It’s an unwritten rule of marketing that when your competition is holding a mega event, you should try to get some publicity off the back of it. Hence we saw AMD dragging Intel Developer Forum delegates off the street in San Francisco last week to bend their ears. This week it’s Nvidia’s turn in the spotlight and Sunnyvale- based AMD has quite coincidentally banged out a couple of releases pushing its graphics offerings.
AMD is working with Pixelux Entertainment on a joint development to expand the use of real-time physics with graphics through the open source Bullet Physics engine. By encouraging development of physics middleware built around OpenCL and Bullet Physics, AMD and Pixelux say they’re offering ‘a route toward physics simulation that spans game consoles, PCs and other hardware platforms’.
“Proprietary physics solutions divide consumers and ISVs, while stifling true innovation; our competitors even develop code that they themselves admit will not work on hardware other than theirs,” said Eric Demers, chief technology officer for graphics at AMD. “By working with Pixelux and others to enable open support of physics on OpenCL and DirectX 11 capable devices we are taking the exact opposite approach.”
Pixelux will be providing a new version of its Digital Molecular Matter (DMM) System that can be licensed by anyone and that more easily integrates with other physics systems. This new version will feature integration with the free and open source Bullet Physics engine. DMM and Bullet are designed to operate together to enable players to experience visually and kinetically realistic worlds where objects react as they do in real-life, such as crumbling stone walls, denting metal, splintering wooden beams and swaying organic plant life.
“Pixelux wants to ensure that our technology can take advantage of the computing resources that any particular hardware platform offers without locking in our users to any single platform,” said Mitchell Bunnell, Pixelux CEO.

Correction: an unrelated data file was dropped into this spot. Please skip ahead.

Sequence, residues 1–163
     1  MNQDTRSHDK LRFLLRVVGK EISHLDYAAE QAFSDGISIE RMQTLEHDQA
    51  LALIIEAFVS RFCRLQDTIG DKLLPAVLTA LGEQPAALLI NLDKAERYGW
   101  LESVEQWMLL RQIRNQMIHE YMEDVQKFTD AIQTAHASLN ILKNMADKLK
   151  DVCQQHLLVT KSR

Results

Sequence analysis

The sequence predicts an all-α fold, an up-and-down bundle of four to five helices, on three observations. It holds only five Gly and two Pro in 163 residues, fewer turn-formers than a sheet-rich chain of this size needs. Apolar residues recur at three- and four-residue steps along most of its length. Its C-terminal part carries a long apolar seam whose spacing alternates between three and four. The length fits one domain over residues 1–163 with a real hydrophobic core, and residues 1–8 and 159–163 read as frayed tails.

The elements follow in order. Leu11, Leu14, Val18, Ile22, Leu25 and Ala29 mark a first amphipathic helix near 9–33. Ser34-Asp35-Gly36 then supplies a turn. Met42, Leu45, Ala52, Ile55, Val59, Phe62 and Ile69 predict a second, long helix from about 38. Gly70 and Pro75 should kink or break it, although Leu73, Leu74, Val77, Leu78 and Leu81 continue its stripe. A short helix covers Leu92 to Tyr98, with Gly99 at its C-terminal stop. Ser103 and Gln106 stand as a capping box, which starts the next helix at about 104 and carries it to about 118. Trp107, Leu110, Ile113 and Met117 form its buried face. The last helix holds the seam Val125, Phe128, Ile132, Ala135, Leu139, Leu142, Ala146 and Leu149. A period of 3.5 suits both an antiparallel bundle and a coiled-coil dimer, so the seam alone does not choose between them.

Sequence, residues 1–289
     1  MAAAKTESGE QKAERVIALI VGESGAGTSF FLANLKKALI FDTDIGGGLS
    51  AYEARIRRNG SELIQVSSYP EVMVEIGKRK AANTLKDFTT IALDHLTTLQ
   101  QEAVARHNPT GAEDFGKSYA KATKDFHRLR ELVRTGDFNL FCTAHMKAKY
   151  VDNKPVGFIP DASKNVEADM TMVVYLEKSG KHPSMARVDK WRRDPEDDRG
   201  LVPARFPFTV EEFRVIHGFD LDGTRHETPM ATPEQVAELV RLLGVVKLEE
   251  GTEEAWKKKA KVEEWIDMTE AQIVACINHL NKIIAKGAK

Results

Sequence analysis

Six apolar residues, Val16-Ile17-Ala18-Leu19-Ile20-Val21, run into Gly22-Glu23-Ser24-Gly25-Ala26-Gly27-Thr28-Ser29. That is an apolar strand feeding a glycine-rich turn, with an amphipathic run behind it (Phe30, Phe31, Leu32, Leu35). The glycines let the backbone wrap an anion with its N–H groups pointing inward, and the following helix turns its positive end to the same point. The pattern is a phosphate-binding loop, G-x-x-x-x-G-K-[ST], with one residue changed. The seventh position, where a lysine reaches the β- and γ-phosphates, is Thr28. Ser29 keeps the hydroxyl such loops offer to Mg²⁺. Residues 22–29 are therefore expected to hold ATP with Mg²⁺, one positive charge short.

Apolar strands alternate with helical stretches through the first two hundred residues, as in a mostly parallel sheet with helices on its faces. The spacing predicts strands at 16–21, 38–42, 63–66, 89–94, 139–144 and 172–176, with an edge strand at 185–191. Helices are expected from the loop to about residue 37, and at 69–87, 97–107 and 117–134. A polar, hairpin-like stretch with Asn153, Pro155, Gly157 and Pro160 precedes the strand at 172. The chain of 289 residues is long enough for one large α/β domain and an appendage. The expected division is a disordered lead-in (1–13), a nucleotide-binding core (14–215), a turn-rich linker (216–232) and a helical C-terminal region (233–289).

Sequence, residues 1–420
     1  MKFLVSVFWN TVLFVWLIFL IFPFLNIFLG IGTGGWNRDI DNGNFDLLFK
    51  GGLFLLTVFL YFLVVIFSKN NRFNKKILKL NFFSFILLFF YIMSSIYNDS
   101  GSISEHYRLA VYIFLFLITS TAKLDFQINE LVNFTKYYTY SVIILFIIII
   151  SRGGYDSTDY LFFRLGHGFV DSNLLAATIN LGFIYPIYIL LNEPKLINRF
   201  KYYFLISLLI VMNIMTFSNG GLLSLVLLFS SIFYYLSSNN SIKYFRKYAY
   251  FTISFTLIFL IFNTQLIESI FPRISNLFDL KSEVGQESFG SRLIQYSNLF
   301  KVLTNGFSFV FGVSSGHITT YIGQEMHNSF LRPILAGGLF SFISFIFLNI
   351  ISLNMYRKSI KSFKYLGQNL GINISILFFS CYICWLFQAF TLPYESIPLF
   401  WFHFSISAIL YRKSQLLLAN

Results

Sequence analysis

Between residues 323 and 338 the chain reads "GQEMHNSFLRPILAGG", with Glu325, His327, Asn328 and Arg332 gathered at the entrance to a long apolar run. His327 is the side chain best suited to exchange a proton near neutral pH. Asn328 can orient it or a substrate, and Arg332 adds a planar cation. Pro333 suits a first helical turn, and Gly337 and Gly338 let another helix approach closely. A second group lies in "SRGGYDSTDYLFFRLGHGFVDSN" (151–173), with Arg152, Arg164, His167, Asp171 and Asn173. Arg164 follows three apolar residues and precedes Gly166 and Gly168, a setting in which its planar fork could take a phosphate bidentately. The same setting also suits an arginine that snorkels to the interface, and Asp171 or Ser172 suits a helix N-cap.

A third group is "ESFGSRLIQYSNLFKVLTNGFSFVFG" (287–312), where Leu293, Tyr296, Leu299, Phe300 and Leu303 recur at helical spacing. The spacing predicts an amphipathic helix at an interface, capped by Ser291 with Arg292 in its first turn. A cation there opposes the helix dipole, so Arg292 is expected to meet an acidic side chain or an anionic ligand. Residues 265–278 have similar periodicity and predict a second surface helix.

New partner program
AMD is also launching what it calls the Fusion Partner Program, designed to provide channel partners with tools and resources by merging its four existing partner programs. Partners will receive more personalized tools, training and resources – both in person and online – that fit with their specific business objectives, says AMD.
AMD is grouping its partners into Elite, Premier and Select tiers, with Elite being the first tier and Select the third. The company reckons the new system will provide meaningful differentiation across tiers and reward AMD’s highest-performing partners based on their sales records for all-AMD solutions.
Partners will also be placed into one of six business tracks, which are designed to align programs and offerings to partners’ business models to reflect the diversity of the channel landscape. These business tracks include channel providers, e-tailers, retailers, commercial solution providers, consumer solution providers and commercial volume resellers.
AMD plans to phase in the Fusion Partner Program over the next 12 months. Additional developments planned include an improved partner Web portal and new loyalty programs.